In addition, there is no requirement that all wellness applications comply with the Health Insurance Portability and Liability Act, known as HIPAA, which regulates the privacy of patients ’health records.

In a recent paper, Dr. Torous and his colleagues examined regulatory gaps in digital health applications, revealing various problems that could arise, such as incorrect phone numbers to help in suicide crises. The paper also noted an earlier study that found that 29 of the top 36 depression and smoking cessation apps shared user data with Facebook or Google, but only 12 found this accurately in their privacy policies.

And in March, a study concluded that an app created to help people with schizophrenia had nothing better than a placebo (in this case, a digital countdown).

“All these applications that claim to be effective in early or preliminary studies or feasibility studies probably have to study themselves with the help of better quality science,” said Dr. Torous.

In the end, just because an application is popular in the online market does not mean that it will be safer or more efficient.

“As a clinician who has been using applications in care for more than five years, it has always been difficult to understand which applications to tailor to patients,” said Dr. Torous. “You really have to think about how we can respect people’s individual backgrounds, preferences and needs.”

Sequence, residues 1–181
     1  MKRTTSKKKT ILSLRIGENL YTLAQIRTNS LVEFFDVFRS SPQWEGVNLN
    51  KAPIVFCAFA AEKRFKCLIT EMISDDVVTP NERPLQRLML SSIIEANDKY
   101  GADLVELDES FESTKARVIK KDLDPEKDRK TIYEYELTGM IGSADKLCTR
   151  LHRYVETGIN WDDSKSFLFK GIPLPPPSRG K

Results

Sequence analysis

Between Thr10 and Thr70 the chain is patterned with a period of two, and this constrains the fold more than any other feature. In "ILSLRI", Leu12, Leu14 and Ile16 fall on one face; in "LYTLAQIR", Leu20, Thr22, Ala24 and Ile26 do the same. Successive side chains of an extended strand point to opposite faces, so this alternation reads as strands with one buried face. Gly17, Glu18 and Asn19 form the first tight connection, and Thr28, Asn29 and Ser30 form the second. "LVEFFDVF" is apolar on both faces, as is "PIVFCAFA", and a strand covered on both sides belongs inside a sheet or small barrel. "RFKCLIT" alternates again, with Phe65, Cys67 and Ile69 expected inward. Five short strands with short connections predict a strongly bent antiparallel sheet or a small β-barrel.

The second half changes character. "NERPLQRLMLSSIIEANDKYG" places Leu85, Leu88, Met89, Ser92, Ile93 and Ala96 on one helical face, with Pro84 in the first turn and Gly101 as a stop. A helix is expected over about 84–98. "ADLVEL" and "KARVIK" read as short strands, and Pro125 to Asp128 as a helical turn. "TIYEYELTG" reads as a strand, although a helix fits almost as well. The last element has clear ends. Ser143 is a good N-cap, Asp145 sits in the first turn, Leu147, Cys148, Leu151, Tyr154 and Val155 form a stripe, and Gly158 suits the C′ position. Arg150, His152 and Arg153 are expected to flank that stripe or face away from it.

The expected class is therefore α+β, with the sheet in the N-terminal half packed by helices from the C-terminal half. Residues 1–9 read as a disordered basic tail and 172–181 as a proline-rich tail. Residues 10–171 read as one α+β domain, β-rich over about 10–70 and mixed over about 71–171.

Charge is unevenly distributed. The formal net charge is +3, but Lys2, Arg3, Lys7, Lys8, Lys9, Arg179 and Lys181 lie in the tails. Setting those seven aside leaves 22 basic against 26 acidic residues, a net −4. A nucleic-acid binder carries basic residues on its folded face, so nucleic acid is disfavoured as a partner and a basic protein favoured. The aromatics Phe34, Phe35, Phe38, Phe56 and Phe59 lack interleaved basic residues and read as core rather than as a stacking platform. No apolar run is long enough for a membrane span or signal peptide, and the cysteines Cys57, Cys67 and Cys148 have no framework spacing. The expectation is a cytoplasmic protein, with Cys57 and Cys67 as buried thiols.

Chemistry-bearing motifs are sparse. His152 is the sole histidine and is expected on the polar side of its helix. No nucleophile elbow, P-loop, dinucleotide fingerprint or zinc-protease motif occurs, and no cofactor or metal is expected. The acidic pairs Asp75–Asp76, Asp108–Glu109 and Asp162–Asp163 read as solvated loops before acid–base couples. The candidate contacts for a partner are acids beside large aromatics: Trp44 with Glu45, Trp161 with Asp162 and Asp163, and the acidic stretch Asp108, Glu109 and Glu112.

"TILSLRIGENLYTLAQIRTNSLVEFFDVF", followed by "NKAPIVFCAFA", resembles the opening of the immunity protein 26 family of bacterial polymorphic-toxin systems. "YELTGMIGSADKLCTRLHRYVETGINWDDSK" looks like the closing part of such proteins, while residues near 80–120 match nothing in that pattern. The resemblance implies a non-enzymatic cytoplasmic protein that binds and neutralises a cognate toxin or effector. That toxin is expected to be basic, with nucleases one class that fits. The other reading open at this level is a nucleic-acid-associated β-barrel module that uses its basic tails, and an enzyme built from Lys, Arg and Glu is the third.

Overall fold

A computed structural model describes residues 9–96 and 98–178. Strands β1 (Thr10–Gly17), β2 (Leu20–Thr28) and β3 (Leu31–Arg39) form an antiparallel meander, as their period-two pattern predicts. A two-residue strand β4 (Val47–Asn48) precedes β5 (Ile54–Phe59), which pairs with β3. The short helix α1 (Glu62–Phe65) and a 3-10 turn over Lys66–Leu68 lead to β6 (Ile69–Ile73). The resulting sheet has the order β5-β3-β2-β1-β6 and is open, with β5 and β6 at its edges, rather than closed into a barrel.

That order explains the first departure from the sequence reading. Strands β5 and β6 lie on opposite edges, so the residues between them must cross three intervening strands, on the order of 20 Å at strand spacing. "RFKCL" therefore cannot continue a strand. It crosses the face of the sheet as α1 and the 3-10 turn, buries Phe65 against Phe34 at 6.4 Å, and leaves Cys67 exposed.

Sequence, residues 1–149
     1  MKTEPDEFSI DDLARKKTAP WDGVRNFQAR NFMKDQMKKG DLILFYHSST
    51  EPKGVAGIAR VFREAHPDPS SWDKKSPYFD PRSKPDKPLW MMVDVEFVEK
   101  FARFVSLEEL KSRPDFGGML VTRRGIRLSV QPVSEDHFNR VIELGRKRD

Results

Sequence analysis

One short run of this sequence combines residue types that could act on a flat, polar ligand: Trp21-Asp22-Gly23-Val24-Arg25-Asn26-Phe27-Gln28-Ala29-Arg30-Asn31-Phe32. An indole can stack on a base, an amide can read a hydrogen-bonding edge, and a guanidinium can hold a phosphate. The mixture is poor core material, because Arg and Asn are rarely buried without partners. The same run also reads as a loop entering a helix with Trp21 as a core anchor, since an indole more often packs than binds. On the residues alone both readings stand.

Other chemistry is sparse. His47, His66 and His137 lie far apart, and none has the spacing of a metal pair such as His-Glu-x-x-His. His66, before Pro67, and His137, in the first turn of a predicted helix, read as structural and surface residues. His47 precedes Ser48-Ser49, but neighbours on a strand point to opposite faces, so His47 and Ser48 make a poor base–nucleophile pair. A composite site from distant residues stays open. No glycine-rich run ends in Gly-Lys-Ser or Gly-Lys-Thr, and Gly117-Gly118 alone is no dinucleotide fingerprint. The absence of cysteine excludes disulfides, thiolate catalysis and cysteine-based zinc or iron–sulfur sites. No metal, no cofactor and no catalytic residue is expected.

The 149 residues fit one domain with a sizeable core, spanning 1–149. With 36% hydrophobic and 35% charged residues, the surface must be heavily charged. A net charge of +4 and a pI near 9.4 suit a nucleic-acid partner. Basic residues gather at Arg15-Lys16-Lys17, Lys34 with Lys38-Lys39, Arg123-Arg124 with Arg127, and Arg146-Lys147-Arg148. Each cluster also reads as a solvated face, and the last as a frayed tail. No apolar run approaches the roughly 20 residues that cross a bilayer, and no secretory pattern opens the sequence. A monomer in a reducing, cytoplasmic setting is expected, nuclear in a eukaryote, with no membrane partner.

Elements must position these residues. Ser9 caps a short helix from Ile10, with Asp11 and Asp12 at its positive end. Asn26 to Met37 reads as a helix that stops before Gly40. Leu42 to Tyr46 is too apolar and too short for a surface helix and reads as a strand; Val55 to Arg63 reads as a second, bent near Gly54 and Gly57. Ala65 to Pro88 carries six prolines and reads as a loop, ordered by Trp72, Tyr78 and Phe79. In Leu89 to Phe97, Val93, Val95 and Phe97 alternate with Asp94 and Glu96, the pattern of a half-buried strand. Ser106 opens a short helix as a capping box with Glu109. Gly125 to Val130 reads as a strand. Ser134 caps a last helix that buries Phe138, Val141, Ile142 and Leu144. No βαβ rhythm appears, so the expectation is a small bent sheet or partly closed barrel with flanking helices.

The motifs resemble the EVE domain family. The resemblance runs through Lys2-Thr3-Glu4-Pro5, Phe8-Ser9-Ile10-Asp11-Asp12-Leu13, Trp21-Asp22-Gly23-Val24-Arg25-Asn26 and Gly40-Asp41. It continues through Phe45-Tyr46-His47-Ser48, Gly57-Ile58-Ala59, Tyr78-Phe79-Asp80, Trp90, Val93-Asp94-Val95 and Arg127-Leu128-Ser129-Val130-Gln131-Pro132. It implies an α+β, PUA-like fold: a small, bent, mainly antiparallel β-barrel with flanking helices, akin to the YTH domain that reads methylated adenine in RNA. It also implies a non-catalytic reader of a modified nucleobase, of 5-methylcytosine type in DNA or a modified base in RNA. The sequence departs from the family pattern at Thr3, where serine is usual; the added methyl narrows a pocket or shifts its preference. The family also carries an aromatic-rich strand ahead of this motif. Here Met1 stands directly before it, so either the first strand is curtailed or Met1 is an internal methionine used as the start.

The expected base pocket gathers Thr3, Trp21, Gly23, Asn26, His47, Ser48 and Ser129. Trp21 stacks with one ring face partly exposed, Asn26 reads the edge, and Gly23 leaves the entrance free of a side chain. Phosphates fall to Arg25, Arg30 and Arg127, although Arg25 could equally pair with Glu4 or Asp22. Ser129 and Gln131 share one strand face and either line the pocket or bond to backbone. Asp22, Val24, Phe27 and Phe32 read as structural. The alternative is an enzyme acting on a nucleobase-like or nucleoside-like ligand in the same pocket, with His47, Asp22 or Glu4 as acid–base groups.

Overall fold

Instead of looking for the “best app” or the one with the highest ratings, try to make an informed decision about which app would suit you best, he added.

One place to start research is the Mind Apps website, created by clinicians at Beth Israel Lahey Health in Massachusetts. It has reviewed more than 600 applications and is updated every six months. Reviewers look at factors such as cost, security and privacy concerns and whether the application is supported by research.

Another website, One Mind PsyberGuide, assesses health apps for credibility, user experience, and transparency of privacy practices. The project, which is affiliated with the University of California, Irvine, has more than 200 applications in its database, and each is reviewed annually.